Later, he calls her but she can't talk because she is at the beauty salon. I was only vaguely aware that such places still existed. Then it hit me.

“I'm meeting the girlfriend at dinner, I suppose.”

“Yeah, Dad, is that alright?” That he has to ask  indicates that he is aware of possible reluctance on my part. Look, the plan was this: he was going to get that deck job straightened out, get some money and pick me up at the airport and we would blast away up the Pacific Coast to Big Sur. He knows that I have been wanting to visit the Redwoods one last time. I had often talked about riding my bicycle along that part of the planet for quite awhile. The fact that the visit has strayed so far from the plan is no surprise; in fact I expected it. And of course he wants me to meet his girlfriend.  Why not?  She is paying for it, isn't she?

“Son, that's fine. It's just that I wasn't really ready to come out here. They didn't pay me until right before I got on the plane and I didn't have a chance to buy any clothes or get a haircut or anything. I feel like a bum walking around this town.”

 It's true. The blue jeans I'm wearing are six years old and worn beyond belief. Not cool-worn, bum-worn. During the height of my alcohol-fueled vision quest I had taken some dull scissors and whacked off my really long gray hair and had achieved a perfect mental-patient coiffure. I had shaved with a too-old razor and when I saw my reflection in an airport mirror I was shocked that they would let someone like me get on the plane.

“That's not important Dad, you know that.” Not really. My current look is fine for my little backwater trailer park town, but this ain't the trailer park. But also, this whole puppet show has been, it seems, a little odd and a little less of a Father-Son reunion and something  more of a wish-fulfillment passion play staged by an inept producer-director using purloined funds.

But ever am I loyal and I keep my mouth shut.  I am an old tyrant but also am I a loyal Father and this is my first born son.

“What time are you picking me up?”

It's been a long day.  And it ain't over yet.

Whispering Pines Trailer Park on location: Back to LA

Wednesday, December 19, 2012

Solstice Canyon

Having found ourselves summarily evicted from the Holy Land. Young Beauregard and I blast forth in his spaceship around a long sweeping bend and there she is: my old friend the Pacific Ocean. Many times in my day my trusty old '68 Plymouth convertible and me were wont to  make this long sweeping turn that deposits you onto the far edge of the continent.  These New Age automobiles are swift and silent and ready for outer space; but give me Old Steel anytime. I knew just how much I could push her on a turn like this before the rear wheels would break loose. I really loved that old car and she was a loyal friend through a lot of adventures. Today my loyal friend is this here little rascal of a first born child and we cut right up the coast and pull into some kind of seafood place that wasn't there thirty years fact, this whole area looks different. Something has changed. But right now I am hungry and order a swordfish sandwich and fries. Beau has picked up a little dish of granola from the deli counter. I head around the side of the restaurant to the restrooms. When I come back, Beau is bringing a big basket of fries and my sandwich. As we sit down I notice that he doesn't have any food, just that little dish of granola.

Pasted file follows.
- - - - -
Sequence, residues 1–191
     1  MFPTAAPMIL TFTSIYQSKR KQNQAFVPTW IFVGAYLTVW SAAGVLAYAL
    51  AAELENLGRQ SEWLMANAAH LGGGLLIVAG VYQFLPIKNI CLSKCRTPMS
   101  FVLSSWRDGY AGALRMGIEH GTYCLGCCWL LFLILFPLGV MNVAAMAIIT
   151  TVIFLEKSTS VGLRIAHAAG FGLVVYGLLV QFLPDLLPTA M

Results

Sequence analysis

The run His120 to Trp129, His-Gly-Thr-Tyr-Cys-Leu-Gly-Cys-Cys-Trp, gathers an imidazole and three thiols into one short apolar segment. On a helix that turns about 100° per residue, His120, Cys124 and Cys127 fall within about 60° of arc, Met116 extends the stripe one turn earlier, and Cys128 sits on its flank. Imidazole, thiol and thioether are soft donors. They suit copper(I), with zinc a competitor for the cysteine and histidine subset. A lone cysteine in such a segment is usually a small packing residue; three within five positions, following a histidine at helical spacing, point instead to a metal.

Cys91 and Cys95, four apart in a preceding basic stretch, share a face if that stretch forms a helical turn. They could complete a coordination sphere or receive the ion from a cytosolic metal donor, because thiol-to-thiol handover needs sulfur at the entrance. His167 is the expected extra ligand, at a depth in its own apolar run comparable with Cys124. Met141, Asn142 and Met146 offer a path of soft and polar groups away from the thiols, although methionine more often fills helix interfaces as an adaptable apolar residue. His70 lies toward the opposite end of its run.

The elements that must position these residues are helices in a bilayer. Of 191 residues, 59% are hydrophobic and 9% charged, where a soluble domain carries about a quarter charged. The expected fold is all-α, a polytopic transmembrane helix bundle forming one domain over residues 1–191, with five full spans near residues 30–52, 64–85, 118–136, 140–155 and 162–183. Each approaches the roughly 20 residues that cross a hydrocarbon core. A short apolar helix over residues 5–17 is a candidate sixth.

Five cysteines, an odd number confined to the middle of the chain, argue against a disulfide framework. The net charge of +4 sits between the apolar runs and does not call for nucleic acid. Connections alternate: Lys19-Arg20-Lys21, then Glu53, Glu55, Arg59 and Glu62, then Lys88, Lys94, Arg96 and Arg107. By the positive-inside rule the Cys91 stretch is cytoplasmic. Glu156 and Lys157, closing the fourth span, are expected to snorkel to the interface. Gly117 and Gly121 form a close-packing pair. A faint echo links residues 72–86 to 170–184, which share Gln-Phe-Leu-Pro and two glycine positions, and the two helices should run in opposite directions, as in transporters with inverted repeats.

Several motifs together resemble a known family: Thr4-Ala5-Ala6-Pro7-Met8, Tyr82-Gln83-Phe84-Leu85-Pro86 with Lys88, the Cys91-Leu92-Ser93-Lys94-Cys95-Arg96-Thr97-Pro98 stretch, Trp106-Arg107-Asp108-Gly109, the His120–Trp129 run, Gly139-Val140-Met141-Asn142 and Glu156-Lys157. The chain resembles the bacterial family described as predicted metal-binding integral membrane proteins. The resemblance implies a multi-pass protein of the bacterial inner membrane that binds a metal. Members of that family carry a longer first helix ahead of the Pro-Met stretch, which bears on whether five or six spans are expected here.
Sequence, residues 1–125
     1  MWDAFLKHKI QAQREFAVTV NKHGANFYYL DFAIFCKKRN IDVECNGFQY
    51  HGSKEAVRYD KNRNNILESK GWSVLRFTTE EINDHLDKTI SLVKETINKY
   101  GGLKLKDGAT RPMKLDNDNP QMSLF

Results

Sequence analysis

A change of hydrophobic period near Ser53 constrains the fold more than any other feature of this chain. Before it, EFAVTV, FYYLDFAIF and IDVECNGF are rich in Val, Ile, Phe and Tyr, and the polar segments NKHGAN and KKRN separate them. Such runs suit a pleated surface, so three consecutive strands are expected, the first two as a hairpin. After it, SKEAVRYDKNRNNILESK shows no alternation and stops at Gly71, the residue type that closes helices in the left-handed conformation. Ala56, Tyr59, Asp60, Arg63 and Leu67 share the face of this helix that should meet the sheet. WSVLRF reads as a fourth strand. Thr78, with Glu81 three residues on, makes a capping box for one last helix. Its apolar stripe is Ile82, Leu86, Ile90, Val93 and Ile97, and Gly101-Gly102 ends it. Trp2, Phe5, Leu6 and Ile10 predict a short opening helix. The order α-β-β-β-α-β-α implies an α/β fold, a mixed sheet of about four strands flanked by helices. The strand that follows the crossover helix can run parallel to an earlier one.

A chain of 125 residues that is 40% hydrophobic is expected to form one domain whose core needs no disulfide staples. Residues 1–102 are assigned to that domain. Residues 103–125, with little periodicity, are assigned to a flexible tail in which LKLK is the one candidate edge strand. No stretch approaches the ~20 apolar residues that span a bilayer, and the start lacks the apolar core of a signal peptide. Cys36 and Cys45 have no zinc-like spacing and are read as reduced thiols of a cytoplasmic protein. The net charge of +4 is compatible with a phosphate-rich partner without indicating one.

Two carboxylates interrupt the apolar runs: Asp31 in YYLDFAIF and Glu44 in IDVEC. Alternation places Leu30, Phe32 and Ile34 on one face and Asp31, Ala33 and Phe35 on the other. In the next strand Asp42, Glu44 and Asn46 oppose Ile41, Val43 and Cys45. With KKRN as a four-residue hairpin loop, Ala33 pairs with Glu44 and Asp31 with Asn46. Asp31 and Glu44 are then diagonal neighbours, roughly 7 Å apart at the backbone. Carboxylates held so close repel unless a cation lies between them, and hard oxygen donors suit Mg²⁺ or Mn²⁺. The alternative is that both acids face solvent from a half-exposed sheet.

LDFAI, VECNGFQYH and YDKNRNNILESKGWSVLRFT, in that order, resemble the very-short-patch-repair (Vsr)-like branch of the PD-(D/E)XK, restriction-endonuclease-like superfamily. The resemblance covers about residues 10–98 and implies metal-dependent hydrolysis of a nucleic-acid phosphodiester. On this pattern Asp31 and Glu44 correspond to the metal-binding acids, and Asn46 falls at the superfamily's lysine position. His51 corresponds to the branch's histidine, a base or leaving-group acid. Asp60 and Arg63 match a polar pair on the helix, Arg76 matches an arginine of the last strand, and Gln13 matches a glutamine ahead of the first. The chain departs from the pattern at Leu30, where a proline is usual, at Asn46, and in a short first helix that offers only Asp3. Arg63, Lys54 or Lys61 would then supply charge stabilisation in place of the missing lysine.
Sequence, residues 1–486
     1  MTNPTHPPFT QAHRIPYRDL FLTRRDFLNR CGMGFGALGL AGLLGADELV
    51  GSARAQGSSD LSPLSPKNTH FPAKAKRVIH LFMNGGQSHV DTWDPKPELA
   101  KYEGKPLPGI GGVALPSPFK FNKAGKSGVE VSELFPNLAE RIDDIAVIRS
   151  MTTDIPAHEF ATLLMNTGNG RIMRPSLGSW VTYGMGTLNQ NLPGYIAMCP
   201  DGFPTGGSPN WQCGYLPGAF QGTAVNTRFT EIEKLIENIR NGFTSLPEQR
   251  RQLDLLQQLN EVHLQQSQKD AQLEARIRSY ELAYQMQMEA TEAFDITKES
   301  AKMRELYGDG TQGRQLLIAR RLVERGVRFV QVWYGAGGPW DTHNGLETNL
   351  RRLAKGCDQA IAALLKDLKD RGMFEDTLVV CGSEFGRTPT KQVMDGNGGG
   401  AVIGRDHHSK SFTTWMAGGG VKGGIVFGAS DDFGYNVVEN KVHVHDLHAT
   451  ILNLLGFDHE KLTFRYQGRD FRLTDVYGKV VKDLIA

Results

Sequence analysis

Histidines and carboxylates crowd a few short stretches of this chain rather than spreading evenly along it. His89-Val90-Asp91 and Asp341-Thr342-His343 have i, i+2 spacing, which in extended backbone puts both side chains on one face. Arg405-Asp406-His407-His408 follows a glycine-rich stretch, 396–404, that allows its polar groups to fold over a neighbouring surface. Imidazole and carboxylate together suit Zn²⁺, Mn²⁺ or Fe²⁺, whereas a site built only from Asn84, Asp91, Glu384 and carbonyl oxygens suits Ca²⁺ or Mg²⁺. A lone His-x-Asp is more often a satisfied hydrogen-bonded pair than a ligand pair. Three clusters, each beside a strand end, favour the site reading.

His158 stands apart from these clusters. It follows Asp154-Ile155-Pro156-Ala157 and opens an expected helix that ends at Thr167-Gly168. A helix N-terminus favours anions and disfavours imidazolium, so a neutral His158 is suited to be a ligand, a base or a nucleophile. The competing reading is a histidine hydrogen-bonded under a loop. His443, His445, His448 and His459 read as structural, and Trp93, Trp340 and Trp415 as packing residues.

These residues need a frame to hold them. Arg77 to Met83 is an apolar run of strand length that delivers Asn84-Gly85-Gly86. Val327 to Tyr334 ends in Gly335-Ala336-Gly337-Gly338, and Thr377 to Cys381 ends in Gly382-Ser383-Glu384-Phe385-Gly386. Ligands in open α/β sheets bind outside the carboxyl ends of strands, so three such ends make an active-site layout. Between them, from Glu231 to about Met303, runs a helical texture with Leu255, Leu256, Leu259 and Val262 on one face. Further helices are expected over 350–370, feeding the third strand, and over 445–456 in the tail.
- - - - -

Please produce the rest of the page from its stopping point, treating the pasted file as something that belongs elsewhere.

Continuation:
“Aren't you eating?"   I squirt a big dose of malt vinegar all over everything in front of me and plop a large dollop of ketchup next to the basket of fries.

“I'm a raw vegan now, Dad.”

“Uh...oh. Well, you should have said something.” I'm a little embarrassed by this huge pile of batter-fried wonderfulness in front of me. “So, you can't eat some of these fries.”

“No, Dad, they were cooked in animal fat.” This is taking a lot of the fun out of the feast. But I have not had a solid meal since I got off the plane close to seventy-two hours ago and I'm ready to eat. So he sits carefully chewing his granola while I plow through about two pounds of fish and chips. A couple beers and maybe a two hour nap on the beach would make this a splendid day indeed. But Beau does not drink, and when I am with Beau, I do not drink also.

“Your Mom and I used to hang out on the beach here.”


“Yeah. Here and Zuma.”

“I haven't talked to her for a long time.” he says, looking west, gazing out over the vastness of the Pacific.  "I don't remember the last time."

It is a problem. We are an absolutely fractured family. And my West Coast version ain't the only one. I also have an estranged ex in Chicago and another son there. The cause of all this fragmentation of hearts is me. It all centers around me, obviously. But I don't really understand. I didn't do it on purpose and the reason Beauregard hasn't spoken to his mother in a long time has more to do with her serious immersion into biker-gang drug dealing and addiction. It is an unbelievable tale and if you knew her, you would never guess. She is a perfect front for those rotten bastards, well dressed and articulate and hanging on to her beauty but she is the Mother Lost and here we are, Beau and me, a couple orphans sitting in the sunshine at the side of the Pacific Ocean and both of us, my son and I , have been through enough blast-furnace pain and loss to kill a squad of infantry. But I am still here and so is he.  I guess all we have is each other, three thousand miles apart.  I wrap up the remains of my food and put it into the trash can.

“I didn't mean to bring her up Beau. I'm sorry.”

"Oh, hell no, Dad, it's okay. It isn't your fault.”

 Yeah it is.